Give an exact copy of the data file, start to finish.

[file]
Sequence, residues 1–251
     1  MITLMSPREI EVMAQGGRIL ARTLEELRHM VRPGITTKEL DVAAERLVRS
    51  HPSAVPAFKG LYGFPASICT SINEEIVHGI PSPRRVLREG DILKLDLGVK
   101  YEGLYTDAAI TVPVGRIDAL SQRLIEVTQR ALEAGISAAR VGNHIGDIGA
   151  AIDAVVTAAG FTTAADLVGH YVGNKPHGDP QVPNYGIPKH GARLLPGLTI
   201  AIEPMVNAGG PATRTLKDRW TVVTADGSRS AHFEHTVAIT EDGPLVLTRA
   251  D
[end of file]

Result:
Sequence, residues 1–251
     1  MITLMSPREI EVMAQGGRIL ARTLEELRHM VRPGITTKEL DVAAERLVRS
    51  HPSAVPAFKG LYGFPASICT SINEEIVHGI PSPRRVLREG DILKLDLGVK
   101  YEGLYTDAAI TVPVGRIDAL SQRLIEVTQR ALEAGISAAR VGNHIGDIGA
   151  AIDAVVTAAG FTTAADLVGH YVGNKPHGDP QVPNYGIPKH GARLLPGLTI
   201  AIEPMVNAGG PATRTLKDRW TVVTADGSRS AHFEHTVAIT EDGPLVLTRA
   251  D